As credit unions and banks were forced into transitioning nearly all of their workers into remote work over a matter of days, cybersecurity vulnerabilities spiked. Not only did the workforce move to remote work, but the majority of credit union and bank customers moved online as well. Coupled with the general population funneling into online everything, cyber-criminals found a treasure trove of potential new victims to exploit.
Since the pandemic outbreak, credit unions and banks have made great strides in the reliability of the remote capabilities. But when it comes to security, there is always room for improvement. A new report from Google shows a 350% increase phishing attacks since the beginning of the year. Banking trojans are making a comeback as well. These banking trojans are being used in apps and websites to trick customers into logging into fake businesses.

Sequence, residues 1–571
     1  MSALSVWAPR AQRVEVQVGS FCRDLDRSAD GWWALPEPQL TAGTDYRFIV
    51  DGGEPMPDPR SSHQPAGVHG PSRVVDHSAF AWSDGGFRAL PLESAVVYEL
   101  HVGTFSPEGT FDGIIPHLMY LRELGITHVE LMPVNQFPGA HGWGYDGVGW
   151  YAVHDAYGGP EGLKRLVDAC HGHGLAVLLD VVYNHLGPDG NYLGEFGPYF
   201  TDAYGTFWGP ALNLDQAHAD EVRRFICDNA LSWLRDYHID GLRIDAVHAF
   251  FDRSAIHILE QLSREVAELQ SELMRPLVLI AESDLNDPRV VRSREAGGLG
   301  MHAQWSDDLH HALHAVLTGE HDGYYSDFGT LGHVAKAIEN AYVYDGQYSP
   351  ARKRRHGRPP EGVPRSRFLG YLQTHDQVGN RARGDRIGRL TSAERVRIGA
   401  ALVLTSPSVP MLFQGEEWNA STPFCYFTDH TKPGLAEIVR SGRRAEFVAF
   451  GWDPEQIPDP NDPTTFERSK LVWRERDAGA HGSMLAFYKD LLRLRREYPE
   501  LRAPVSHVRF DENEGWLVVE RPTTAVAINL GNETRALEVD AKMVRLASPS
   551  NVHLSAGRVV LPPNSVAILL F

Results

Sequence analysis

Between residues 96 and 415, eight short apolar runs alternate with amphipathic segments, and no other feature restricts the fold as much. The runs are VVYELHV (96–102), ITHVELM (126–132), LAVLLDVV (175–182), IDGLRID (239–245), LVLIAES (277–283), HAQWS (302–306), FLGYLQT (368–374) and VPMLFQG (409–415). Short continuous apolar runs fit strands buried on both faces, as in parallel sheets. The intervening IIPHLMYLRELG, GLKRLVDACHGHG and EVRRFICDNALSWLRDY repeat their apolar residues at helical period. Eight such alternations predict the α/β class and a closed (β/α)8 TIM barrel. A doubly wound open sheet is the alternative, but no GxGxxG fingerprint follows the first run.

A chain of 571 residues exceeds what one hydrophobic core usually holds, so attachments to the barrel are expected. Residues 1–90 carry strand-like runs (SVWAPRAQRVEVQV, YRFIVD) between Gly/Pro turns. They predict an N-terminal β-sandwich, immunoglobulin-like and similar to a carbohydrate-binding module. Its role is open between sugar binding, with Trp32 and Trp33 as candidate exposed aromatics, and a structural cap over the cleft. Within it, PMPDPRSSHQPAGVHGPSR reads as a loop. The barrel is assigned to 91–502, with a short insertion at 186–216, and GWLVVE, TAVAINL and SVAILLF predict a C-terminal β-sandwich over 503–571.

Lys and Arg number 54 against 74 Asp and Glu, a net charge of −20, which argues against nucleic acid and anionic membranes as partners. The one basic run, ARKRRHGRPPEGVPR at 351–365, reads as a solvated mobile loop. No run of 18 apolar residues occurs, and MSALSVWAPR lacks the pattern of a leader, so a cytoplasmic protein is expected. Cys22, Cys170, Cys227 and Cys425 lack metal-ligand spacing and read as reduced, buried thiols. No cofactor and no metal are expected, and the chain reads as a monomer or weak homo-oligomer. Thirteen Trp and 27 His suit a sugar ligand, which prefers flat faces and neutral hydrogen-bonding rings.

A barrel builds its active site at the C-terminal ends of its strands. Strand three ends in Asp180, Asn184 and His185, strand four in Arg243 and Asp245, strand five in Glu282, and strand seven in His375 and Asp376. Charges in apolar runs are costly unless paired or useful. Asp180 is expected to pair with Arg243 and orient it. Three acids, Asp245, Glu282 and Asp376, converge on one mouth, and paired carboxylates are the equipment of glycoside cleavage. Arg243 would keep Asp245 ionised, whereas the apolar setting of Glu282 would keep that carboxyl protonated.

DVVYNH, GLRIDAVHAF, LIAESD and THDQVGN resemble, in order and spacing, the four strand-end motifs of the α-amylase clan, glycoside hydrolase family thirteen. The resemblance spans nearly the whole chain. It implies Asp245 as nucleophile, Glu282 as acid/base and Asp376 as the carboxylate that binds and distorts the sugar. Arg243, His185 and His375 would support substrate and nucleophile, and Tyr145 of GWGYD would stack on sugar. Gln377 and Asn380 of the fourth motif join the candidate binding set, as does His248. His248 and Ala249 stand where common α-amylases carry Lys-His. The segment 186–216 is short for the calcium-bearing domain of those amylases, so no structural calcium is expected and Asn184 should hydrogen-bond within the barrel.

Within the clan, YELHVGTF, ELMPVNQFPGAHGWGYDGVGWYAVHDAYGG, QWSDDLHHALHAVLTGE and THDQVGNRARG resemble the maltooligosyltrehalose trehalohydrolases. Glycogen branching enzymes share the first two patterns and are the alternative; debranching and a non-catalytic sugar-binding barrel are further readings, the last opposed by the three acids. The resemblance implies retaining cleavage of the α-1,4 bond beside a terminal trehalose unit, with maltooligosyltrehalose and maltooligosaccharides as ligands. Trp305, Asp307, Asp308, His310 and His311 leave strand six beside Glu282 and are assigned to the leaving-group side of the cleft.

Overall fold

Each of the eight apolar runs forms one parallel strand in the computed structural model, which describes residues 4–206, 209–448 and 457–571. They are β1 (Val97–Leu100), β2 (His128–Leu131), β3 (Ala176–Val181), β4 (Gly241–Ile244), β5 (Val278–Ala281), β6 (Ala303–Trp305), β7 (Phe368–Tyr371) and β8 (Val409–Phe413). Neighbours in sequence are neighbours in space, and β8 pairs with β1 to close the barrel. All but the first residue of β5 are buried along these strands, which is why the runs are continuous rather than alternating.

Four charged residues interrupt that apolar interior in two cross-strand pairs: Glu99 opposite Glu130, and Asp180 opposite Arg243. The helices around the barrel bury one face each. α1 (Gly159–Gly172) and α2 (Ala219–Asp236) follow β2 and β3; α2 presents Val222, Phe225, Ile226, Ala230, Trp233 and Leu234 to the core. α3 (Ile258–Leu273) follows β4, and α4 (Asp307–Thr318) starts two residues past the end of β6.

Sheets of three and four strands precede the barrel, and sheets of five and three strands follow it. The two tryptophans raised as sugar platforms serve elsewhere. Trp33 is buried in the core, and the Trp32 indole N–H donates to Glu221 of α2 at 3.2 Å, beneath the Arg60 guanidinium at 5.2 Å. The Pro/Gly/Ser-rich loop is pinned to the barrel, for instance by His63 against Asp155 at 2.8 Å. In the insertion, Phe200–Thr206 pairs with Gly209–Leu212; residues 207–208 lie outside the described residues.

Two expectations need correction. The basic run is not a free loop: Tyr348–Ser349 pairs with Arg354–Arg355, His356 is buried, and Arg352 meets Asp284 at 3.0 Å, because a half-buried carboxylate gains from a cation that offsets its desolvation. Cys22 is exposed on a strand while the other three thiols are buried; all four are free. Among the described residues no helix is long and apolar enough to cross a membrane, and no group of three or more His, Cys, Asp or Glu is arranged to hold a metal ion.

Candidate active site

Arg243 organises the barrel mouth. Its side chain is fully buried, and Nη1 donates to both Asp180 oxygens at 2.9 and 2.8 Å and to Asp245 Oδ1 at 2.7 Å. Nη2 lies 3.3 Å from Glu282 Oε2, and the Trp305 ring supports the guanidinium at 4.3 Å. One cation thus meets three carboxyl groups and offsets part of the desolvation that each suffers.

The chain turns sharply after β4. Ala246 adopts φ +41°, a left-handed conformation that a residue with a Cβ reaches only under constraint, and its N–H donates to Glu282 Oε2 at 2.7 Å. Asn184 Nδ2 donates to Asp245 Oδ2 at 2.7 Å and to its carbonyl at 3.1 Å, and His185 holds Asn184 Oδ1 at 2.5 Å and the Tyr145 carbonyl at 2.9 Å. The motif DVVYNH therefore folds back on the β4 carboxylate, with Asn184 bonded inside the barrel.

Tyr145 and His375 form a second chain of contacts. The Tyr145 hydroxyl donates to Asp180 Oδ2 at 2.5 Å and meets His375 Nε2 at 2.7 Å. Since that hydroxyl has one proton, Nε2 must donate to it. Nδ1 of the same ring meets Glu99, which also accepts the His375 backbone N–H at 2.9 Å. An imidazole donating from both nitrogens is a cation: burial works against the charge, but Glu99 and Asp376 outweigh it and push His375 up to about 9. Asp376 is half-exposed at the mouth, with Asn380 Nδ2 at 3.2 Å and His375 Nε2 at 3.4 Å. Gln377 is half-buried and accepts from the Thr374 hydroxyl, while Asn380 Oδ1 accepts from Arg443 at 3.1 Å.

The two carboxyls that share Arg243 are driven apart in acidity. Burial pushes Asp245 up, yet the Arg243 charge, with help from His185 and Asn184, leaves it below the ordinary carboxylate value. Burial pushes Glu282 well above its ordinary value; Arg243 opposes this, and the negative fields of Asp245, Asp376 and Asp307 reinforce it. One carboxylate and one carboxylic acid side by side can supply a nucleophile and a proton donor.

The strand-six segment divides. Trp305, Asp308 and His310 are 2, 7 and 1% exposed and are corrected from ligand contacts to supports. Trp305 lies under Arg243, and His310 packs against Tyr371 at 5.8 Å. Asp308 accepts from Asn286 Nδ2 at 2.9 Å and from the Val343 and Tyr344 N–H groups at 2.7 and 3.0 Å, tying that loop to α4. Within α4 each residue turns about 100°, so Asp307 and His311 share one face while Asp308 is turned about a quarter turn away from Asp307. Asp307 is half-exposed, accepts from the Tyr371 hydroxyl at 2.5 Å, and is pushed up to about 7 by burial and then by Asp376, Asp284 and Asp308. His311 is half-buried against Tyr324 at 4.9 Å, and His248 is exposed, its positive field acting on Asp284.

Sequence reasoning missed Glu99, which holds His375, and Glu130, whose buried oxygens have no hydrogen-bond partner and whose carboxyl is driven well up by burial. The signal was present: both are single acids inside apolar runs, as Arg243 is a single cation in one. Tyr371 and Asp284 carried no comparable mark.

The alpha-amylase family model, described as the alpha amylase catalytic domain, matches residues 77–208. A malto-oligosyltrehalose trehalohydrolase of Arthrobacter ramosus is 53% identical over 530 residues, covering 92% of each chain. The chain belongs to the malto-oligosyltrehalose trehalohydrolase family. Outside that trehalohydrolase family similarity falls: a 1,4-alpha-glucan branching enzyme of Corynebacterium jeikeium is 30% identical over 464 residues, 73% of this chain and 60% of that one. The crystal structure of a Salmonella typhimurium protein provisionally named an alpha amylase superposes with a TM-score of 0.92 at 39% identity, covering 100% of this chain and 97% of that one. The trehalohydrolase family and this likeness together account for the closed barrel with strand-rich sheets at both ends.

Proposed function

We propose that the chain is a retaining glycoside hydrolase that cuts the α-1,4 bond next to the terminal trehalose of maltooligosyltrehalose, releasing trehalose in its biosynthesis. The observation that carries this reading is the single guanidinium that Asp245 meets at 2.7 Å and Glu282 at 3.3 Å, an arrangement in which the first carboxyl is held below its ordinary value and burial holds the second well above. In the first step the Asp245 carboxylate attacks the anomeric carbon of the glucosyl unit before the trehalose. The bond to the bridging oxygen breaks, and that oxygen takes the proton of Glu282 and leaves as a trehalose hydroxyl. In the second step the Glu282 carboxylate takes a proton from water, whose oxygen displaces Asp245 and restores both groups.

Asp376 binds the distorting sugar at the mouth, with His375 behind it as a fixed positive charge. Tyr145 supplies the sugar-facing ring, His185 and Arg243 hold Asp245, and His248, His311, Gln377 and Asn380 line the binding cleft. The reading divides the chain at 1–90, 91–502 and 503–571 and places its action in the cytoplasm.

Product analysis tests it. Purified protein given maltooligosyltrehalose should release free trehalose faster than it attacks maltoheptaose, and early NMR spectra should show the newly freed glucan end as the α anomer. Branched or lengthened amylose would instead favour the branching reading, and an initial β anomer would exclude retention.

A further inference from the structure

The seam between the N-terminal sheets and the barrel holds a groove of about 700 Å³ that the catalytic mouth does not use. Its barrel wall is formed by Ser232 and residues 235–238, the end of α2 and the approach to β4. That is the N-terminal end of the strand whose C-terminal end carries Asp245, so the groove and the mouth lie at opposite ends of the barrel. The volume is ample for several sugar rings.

"The trojan creates a false version of the bank's login page and overlays it on top of the legitimate app. Once the user enters their credentials into the false login page, the trojan passes the user to the real banking app login page so they do not realize they have been compromised," as stated on the FBI warning page, released June 10.
Here are three easy ways to reduce the chances that your employees will be exploited:
1.) Video conferencing — Zoom had some initial security problems once everyone rushed to use its app when the pandemic started. It has since fixed those issues. With any video conferencing, be sure to use a password-protected room with a dynamic URL (instead of static).
2.) Best email security practices are fairly straight forward. Don't click on links or download attachments unless someone you know is sending you an email.
3.) Strong, dynamic passwords — When possible, it's better to use software that fills in login credentials. This way, you can use a complex password. Also, periodically changing the password makes it more dynamic and difficult to hack.